“We’re fairly confident that we’ll have a healthy commercial industry in time,” Sophie Galarneau, a senior Health Canada official told the Canadian Press.
The Green Leaf party in Israel has been trying to get into the Knesset for years to push its agenda to legalize pot. In early pre-election polls, it usually receives support that puts it on the brink of winning the minimum number of votes to win Knesset seats, but when the real ballots are counted, it always loses out.
The pro-marijuana campaigns in the United States may generate new enthusiasm to legalize marijuana in Israel, where liberal leaders almost always turn to American for cultural guidance.
Portland, Maine media reported Wednesday that supports of legalizing recreation marijuana will start promoting their agenda on city buses, with a message that grass is a better and safer alternative to alcohol.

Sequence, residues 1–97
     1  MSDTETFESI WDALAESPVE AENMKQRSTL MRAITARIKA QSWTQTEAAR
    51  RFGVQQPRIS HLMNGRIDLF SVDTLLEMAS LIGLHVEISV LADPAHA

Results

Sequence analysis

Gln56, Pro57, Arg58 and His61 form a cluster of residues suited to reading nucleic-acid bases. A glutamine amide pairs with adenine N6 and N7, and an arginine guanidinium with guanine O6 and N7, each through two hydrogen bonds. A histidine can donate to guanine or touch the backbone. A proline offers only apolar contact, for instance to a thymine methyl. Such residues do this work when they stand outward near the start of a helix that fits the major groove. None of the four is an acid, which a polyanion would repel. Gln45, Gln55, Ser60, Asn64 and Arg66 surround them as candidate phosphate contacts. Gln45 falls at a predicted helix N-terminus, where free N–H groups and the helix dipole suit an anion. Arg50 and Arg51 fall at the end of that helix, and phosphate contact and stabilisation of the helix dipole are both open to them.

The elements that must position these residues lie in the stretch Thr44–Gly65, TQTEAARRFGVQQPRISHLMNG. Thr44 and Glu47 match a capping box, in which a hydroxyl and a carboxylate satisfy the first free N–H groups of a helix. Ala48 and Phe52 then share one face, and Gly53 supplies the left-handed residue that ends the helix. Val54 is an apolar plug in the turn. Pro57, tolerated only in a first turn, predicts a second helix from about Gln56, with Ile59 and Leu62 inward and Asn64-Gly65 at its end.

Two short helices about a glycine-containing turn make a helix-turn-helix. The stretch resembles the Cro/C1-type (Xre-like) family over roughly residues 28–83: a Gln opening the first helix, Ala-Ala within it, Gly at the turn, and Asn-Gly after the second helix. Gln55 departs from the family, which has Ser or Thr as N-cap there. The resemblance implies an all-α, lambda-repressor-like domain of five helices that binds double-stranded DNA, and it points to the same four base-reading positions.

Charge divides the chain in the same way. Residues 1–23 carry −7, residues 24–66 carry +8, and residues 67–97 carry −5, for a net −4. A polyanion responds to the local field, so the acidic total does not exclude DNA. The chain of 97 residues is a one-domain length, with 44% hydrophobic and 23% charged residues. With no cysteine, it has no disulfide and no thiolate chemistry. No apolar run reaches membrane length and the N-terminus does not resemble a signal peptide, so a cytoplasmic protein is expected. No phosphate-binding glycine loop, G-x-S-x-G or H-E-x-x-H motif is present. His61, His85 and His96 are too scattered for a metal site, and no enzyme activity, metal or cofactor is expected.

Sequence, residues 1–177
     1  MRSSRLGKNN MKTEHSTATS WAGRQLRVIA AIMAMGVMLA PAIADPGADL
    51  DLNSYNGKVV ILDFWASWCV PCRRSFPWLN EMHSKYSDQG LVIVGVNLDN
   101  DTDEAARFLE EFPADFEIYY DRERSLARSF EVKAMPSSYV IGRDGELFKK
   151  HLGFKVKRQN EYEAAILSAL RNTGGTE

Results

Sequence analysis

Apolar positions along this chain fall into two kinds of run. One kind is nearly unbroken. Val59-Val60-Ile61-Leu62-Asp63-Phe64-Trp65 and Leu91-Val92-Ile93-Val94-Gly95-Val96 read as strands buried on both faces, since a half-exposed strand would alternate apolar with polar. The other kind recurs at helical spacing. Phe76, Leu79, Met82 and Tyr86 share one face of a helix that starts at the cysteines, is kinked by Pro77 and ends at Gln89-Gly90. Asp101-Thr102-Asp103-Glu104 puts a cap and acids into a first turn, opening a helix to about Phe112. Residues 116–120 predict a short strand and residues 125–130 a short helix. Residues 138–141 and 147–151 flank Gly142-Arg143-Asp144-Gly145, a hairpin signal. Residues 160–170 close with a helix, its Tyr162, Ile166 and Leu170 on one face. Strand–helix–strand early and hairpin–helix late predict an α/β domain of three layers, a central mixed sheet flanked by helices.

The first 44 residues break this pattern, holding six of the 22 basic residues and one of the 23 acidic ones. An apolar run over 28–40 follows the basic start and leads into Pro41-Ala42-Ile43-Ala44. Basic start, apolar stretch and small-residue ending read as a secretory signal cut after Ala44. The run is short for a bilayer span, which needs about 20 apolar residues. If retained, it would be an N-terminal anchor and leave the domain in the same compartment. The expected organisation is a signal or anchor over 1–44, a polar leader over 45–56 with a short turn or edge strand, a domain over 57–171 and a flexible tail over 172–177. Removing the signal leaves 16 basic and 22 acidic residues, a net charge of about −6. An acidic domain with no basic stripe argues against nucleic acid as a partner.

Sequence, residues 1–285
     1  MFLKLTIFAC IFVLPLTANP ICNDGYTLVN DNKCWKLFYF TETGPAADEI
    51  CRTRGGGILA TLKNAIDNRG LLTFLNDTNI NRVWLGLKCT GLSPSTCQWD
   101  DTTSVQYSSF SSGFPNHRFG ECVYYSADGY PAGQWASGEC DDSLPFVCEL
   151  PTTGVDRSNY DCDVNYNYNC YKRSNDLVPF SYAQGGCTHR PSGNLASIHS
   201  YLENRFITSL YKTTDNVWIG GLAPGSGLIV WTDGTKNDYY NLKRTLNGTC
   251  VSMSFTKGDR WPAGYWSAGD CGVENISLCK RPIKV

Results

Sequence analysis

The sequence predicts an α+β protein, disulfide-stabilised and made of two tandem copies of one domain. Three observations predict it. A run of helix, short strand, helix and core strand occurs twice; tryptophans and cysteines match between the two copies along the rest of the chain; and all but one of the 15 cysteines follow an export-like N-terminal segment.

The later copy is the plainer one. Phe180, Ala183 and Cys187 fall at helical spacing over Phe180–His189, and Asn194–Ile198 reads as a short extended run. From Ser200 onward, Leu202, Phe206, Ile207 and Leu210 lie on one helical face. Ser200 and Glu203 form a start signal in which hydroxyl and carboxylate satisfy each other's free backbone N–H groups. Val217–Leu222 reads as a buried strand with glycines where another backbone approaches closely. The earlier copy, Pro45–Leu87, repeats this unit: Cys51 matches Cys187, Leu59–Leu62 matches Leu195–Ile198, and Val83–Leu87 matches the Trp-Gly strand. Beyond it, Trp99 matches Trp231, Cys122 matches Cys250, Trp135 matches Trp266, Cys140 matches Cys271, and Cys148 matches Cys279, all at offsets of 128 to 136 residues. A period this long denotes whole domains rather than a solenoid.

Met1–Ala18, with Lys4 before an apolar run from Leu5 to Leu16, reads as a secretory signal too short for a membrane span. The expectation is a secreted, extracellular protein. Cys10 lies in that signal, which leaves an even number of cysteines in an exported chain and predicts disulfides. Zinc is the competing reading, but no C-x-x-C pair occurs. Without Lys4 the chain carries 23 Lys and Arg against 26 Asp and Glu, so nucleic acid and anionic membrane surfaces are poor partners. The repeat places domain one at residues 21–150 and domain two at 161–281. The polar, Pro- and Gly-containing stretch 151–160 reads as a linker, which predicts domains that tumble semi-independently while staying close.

Critics have complained that the campaign should not be on buses because children ride them to school.
Portland’s voter will go the ballot box in November to decide on a proposal to legalize marijuana by 2016. I
The Washington, D.C.-based Marijuana Policy Project has targeted Maine and nine other states in its campaign to legalize grass within three years.
The JTA contributed to this report.
An Israeli Orthodox rabbi ruled that distributing and smoking medicinal marijuana is kosher, but using weed for fun is forbidden.